Last Friday, the Texas Supreme Court ruled against a patient, even though the trial court’s instructions to the jury may have been in error. The case is Venkateswarlu Thota, M.D. v. Young, ___ S.W.3d ___ (Tex. 2012)(5/11/12).
In Young, the patient sought care from Dr. Thota, a cardiologist. Dr. Thota performed a cardiac catheterization in the hospital one morning, and the patient was released later that day. That evening, he suffered from abdominal pain, and he fell from his chair. He was rushed by ambulance back to the hospital where it was discovered that he had bleeding from the site of the cardiac catheterization and a large hematoma. Soon afterwards, emergency surgery was performed to repair a tear in one of the patient’s arteries that was asserted to have resulted from the cardiac catheterization. Following that, the patient was put on a ventilator. Severe complications thereafter included several strokes, acute renal failure that required dialysis, and the loss of vision in one eye. Three years later, he died of leukemia at age 57.
In the trial of the case, the patient’s family offered expert testimony indicating that Dr. Thota punctured the wrong artery during the catheterization. In response, the doctor partly blamed the patient for not returning to the hospital sooner.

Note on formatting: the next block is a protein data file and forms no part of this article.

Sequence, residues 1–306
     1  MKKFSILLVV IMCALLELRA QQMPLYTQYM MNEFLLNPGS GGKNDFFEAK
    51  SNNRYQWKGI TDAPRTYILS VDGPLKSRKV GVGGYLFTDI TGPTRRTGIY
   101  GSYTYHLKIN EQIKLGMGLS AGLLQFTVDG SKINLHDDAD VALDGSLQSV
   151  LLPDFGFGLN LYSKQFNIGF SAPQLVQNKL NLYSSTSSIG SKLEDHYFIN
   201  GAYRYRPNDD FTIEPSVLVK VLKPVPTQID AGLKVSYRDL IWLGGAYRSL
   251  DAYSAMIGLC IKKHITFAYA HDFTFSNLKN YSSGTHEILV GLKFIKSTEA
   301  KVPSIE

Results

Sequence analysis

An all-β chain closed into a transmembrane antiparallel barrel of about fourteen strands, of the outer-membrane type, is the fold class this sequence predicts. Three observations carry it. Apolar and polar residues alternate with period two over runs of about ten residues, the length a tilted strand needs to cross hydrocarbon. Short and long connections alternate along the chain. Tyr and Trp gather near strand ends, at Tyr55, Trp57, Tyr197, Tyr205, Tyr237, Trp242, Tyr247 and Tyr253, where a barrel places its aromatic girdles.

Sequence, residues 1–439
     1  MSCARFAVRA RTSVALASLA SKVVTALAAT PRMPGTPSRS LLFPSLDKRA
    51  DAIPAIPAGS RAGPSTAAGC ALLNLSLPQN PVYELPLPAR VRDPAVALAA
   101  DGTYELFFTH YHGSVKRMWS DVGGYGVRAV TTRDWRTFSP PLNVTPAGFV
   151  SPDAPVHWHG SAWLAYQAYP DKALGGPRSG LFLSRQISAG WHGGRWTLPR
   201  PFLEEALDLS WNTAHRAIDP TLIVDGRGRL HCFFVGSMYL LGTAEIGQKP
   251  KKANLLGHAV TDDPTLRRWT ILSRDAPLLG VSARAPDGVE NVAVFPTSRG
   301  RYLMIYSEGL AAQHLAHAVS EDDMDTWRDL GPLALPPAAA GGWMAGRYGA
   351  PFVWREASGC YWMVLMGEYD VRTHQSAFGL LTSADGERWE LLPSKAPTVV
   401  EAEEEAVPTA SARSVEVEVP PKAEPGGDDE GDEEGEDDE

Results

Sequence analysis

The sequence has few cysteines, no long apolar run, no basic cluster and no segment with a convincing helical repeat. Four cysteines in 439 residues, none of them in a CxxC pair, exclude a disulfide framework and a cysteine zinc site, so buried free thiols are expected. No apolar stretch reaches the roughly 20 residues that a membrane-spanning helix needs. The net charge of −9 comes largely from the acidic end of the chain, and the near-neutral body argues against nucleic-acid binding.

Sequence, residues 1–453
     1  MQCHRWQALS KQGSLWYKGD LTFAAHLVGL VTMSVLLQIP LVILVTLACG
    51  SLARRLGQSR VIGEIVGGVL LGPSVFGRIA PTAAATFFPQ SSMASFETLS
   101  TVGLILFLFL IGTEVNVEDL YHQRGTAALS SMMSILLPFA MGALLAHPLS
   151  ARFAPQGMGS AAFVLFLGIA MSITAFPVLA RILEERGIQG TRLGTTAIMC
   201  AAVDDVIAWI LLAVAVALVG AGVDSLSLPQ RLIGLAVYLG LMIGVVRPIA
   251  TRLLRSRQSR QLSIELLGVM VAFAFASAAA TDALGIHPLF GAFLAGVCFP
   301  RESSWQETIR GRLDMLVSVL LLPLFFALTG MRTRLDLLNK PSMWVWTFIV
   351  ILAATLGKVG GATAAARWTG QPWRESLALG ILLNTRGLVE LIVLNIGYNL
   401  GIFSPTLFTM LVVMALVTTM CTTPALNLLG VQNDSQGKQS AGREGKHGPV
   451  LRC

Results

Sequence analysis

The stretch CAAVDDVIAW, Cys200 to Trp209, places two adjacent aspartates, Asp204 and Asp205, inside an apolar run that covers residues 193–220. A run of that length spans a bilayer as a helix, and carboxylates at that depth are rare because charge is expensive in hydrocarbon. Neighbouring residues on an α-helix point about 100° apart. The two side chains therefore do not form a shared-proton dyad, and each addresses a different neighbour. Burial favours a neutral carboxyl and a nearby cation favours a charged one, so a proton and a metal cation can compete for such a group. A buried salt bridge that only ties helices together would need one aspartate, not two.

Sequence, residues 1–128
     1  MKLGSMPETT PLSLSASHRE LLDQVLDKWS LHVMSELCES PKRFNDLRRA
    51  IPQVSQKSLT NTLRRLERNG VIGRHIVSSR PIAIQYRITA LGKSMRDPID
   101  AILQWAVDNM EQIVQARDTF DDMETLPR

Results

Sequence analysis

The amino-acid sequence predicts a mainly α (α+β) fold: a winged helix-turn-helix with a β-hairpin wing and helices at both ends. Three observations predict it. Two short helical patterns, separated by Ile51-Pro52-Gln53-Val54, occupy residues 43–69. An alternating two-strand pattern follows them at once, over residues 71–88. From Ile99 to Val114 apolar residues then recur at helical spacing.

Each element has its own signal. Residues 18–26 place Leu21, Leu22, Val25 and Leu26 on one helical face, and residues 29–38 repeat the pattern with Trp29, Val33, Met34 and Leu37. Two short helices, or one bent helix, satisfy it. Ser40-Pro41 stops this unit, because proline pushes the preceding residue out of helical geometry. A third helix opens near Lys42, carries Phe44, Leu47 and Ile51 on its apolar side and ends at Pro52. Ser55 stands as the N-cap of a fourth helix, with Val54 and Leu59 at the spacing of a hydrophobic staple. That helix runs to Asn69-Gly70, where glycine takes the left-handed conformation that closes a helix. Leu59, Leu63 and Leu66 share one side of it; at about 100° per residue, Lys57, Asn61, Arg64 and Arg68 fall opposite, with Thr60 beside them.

The legal issue for appeal focused upon the trial judge’s instructions to the jury. The gist was whether the court gave the jury an improper instruction called a “new and independent cause,” and whether the court improperly submitted the patient’s conduct as “contributory negligence.” Generally, conduct of a patient that occurs after the negligence of a doctor is not considered to be contributory negligence, although it might be construed as a “failure to mitigate damages.”
Using the trial court’s instructions, the jury returned a verdict in favor of the doctor. The court of appeals ruled that the trial judge’s instructions to the jury were both erroneous and presumptively harmful, and determined that there should be a new trial. The Supreme Court, however, reversed the court of appeals. It ruled that the harm could not be presumed. Accordingly, the Court itself considered the evidence and then determined that – even if the instructions were wrong – the patient should not get a trial with correct instructions because the errors did not, in the Court’s opinion, cause any harm. Thus, the Court ruled that giving erroneous instructions to the jury in this case was “harmless.”